Union Chief OKs Vote on MTA Offer

Times Staff Writers

Reversing position, leaders of the Metropolitan Transportation Authority’s mechanics union said Monday they would allow members to vote on the agency’s contract offer on Friday.

Neil Silver, president of the mechanics union, said his board is confident the rank-and-file will turn down the deal, which has already been rejected by union leaders as inadequate. He predicted that a no vote by the membership will put pressure on the MTA to accept the mechanics’ offer to go back to work if the transit agency allows a panel of arbitrators to resolve the labor dispute.

If a majority of the union’s roughly 2,800 members approve the deal, countywide bus and transit service could start rolling again by Monday, offering relief to the MTA’s roughly 400,000 daily riders.

The decision to allow the vote, coming shortly after union leaders disparaged the MTA’s offer, is the latest in a series of parries and thrusts in a costly game of one-upmanship.


“We’ll let the chips fall where they may,” Silver said.

County Supervisor Zev Yaroslavsky, the MTA’s board chairman, has blamed Silver for the 21-day walkout and said that the MTA has made its final offer.

Legally, the MTA has a number of options if the union turns down the proposal, including the hiring of replacement workers.

Yaroslavsky would not discuss those options, saying he would wait until after the vote to discuss the next move. But he insisted that the agency would not be pressured into accepting arbitration.


“They’re not going to get us to go to arbitration,” Yaroslavsky said. “There is no member of this board and no responsible member of our agency who believes we ought to be going to binding arbitration.”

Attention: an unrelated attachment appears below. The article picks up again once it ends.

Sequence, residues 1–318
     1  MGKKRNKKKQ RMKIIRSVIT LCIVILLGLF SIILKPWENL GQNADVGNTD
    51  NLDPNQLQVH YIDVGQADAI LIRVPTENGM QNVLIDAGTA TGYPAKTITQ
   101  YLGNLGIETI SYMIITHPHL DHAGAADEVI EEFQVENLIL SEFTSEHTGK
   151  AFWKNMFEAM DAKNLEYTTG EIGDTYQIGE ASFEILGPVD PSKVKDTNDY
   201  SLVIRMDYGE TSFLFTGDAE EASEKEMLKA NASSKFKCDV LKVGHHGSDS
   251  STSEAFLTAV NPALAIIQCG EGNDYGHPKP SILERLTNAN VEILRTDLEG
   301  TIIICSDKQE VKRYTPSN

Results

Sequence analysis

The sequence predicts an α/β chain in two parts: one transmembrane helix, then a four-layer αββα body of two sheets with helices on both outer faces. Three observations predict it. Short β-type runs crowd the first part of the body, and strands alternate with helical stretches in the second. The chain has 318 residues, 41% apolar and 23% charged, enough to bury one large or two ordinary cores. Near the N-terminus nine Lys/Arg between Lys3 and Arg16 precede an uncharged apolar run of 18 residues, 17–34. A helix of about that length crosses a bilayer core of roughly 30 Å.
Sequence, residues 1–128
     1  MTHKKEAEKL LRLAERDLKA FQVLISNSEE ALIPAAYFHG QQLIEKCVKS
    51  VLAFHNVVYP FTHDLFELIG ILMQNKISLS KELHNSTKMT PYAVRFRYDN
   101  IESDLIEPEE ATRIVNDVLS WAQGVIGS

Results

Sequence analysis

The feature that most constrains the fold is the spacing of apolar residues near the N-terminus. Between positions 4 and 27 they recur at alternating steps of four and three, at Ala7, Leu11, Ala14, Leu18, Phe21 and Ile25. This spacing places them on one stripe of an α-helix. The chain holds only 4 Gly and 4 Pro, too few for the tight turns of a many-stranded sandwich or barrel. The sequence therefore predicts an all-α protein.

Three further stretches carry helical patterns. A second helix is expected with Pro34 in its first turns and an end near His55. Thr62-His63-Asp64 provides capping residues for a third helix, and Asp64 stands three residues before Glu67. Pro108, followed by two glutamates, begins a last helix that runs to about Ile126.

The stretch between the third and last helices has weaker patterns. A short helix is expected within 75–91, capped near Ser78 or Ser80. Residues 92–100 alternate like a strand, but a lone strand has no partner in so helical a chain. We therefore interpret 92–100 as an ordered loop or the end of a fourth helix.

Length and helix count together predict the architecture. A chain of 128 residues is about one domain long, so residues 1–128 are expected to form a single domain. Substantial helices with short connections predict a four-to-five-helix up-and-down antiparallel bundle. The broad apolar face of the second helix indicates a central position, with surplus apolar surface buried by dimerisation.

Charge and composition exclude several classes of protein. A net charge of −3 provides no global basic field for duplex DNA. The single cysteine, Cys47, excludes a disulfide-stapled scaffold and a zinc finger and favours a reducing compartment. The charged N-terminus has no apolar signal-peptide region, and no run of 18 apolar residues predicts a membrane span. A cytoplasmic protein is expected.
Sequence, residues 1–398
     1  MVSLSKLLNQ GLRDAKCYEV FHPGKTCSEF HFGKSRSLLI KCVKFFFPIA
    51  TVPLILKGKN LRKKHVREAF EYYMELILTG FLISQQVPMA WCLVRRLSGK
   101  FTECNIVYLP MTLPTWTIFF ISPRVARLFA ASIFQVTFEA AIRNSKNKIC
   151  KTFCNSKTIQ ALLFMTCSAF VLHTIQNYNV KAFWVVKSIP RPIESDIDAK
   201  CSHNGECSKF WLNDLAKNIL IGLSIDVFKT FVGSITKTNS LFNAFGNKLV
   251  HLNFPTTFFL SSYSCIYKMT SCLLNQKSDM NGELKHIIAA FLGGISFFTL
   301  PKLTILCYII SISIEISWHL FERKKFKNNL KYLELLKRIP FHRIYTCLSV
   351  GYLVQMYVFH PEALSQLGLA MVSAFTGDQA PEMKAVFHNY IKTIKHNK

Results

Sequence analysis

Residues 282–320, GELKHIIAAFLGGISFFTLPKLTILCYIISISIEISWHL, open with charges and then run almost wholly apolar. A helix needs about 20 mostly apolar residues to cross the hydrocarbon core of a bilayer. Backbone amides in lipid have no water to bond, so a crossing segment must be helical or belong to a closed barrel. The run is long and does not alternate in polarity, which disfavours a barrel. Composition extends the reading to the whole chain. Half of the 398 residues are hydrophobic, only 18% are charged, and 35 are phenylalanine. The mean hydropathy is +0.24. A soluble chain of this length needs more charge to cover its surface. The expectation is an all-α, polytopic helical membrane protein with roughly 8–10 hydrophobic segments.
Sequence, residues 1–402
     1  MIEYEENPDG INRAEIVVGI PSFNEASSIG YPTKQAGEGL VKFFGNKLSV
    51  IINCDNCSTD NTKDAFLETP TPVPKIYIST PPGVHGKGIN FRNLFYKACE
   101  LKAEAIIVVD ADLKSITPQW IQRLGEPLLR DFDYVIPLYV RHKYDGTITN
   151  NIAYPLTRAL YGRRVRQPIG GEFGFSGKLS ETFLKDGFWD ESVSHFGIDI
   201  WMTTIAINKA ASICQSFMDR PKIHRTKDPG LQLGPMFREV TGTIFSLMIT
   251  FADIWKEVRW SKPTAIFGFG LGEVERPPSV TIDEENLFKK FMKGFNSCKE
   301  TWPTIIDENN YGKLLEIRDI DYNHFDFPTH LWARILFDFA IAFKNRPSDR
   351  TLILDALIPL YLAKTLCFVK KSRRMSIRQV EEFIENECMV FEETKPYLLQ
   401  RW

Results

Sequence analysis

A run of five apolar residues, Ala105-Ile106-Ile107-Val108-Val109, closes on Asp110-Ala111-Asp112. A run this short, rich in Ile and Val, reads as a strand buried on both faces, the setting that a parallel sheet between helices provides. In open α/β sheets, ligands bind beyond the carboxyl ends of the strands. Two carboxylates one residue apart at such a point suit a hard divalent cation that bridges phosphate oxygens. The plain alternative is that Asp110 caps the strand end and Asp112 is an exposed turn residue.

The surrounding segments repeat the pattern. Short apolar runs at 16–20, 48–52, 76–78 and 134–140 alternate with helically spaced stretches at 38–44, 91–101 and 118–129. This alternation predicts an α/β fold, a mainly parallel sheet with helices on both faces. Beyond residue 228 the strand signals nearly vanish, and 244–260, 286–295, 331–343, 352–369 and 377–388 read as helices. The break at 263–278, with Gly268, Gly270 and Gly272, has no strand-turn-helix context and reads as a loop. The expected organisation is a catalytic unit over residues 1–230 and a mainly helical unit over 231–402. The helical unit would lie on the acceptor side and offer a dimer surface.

The sticking point in the negotiations has largely to do with health care. The MTA pays for a union-administered $17-million health-care fund that is nearly insolvent. The union, which uses the pool of money to buy health care for members, says the fund is struggling because of rising health-care premiums. The MTA blames mismanagement.

In the latest offer, the MTA says it will increase the monthly $1.4-million contributions made to the fund by 44% over the life of a contract that ends in 2006. The MTA is also offering a wage hike of 3% during the contract and an inflationary adjustment equal to 81 cents per hour for workers whose wages currently range from about $14 to $26 an hour.

The union’s reversal on whether to allow a vote is carefully calculated. When the MTA broke off negotiations Oct. 27 and mailed its contract deal directly to mechanics, Silver and his board voted Thursday against allowing a vote, arguing that the offer was not good enough.


Instead, the union attempted to gain the upper hand by offering to go back to work if the MTA agreed to submit to binding arbitration.

The MTA quickly rejected that, and by Saturday, Silver was reconsidering.

At a lunchtime meeting with top union leadership at the mechanics’ downtown headquarters, Silver told other union leaders that he had changed his mind. “I said, ‘The MTA is screaming at us and yelling at us that we have got to take this to the members,’ ” recalled Silver. “We had all heard from our members that the MTA offer is not acceptable, besides a few people here or there. So I said, ‘Let’s do it.’ Now the MTA will have nothing to complain about.”

Kent Wong, director of the UCLA Center for Labor Research and Education, said a rejection of the contract by the union would put the MTA in a tough spot.


“The MTA is saying the union leadership is getting in the way and that they should take the latest offer to a vote; that is their leverage,” Wong said. “In the event they vote it down, it is going to absolutely put the pressure on the MTA to reconsider arbitration.”